A fresh teambuilding idea is also a bucket-list event for clients
24 May 2015 - by Dave Marsh
The newest 'in thing' for corporate entertaining or teambuilding is cycling through the Karoo.
The unspoilt Karoo with its vast open spaces has a magic that makes every participant return to the city bubbling with enthusiasm.
Best of all it is not limited to cyclists.
Travel & Meetings Buyer (TAM) assembled a team of very rusty cyclists to see if they could enjoy what was originally devised for cycling enthusiasts.
The group of eight were mainly people in their early sixties. Three had last been on their own bicycle over 45 years ago. Only one still owned a bicycle.
This meant training was more or less ruled out as the group would only get their rental bikes at the start of the trail.
What precautions could be taken were taken.Gel seats were purchased. A second back-up car was arranged and the message was clear: Failure to complete the 45 to 50 kilometres of trail on each of the four days would not be a shame. Cycle as much as you want and retire to the back-up vehicle when you have had enough.
The TAM group had heard good things about the organisers; David Southey’s Great Karoo Cycling. Southey has pioneered six routes that start from the Middleburg and Colesberg area.
Southey is a stock-broker in Johannesburg who comes from the well-known Southey Karoo farming family. He still owns his own farm near Middleburg with a guest house which is used for some of the routes. He has used his farming contacts and knowledge of the area to devise trails that are off the beaten track but where guests can be treated to something special after every day's ride. Sometimes one overnights at farms and sometimes guest houses. His team handles all the organisation.
When the TAM group started out from Colesberg on the Gariep trail, some had difficulty even cycling around a tree. By the end of the first day though, all eight had cycled at least half the way. Yes bums got very sore, but by day four everyone had gained their confidence and cycled the whole way.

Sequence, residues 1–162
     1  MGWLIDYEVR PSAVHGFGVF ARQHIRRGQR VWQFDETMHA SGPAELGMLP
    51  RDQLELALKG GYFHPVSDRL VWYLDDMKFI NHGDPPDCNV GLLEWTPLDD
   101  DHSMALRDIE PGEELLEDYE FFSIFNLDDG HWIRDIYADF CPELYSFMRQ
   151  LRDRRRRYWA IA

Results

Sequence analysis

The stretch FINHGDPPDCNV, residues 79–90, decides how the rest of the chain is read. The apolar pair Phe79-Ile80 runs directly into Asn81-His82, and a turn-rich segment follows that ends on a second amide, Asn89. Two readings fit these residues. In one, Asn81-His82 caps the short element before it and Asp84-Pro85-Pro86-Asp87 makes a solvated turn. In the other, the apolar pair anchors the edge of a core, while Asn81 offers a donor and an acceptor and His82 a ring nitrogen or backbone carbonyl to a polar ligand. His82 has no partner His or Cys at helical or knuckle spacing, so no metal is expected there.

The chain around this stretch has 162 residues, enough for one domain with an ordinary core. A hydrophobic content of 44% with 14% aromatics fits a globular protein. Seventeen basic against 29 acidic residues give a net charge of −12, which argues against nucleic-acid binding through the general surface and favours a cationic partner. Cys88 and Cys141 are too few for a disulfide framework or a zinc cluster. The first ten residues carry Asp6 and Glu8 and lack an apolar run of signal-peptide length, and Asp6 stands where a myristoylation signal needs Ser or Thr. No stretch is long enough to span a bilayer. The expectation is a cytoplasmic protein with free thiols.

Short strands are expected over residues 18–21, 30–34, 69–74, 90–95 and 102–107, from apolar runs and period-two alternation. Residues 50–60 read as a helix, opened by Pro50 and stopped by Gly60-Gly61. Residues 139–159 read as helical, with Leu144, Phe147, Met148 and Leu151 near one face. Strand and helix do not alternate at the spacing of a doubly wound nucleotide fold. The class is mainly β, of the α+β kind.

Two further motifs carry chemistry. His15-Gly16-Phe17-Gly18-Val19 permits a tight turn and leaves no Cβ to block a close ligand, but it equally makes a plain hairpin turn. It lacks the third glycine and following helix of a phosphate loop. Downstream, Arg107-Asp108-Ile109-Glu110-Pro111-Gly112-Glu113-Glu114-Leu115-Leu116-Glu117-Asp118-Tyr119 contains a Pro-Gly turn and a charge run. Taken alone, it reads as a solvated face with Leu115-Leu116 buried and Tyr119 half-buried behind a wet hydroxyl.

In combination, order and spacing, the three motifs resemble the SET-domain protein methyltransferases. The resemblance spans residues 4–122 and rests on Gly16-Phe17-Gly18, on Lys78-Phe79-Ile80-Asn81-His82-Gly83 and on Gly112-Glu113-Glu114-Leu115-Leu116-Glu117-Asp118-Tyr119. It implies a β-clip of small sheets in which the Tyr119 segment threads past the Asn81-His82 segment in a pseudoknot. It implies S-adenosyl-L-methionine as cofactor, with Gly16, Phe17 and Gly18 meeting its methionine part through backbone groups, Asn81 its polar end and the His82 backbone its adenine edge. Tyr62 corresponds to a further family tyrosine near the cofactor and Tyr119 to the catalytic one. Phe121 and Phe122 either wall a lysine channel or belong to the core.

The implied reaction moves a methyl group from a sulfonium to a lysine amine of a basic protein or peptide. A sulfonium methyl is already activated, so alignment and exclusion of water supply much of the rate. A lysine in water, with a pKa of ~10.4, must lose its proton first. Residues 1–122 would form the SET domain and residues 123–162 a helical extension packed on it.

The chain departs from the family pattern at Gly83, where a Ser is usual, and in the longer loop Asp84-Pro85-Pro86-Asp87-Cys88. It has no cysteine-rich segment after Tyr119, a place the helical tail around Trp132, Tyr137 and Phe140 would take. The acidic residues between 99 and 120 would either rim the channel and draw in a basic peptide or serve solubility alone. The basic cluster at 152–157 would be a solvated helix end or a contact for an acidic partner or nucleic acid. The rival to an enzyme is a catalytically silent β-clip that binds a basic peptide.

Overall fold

The Gariep Trail is most remarkable and will quickly become a favourite. On two of the days the trail passes through isolated reserves teeming with hundreds of head of game on wide grassland plains. It is like cycling through the Serengeti . The remoteness is such that the TAM group saw no other tourists as they meandered along relatively flat trails.
At a leisurely pace of about 10 kph, the cycling is over at lunch time. That is when Great Karoo Cycles has organised local specialists from raconteurs to tour guides and farmers to show off the Karoo at its best. This might include a cheese making demonstration, river rafting or a private recital by an international concert pianist.
The conclusion of the TAM group was that while this experience is a must for the growing number of people who have taken up cycling, it was possibly even more successful for untrained rusty cyclists who had the rush of achieving something they had long ago given up on. They emerged a cohesive group justifiably proud of what the team had achieved. (Read here how one of the participants experienced it.)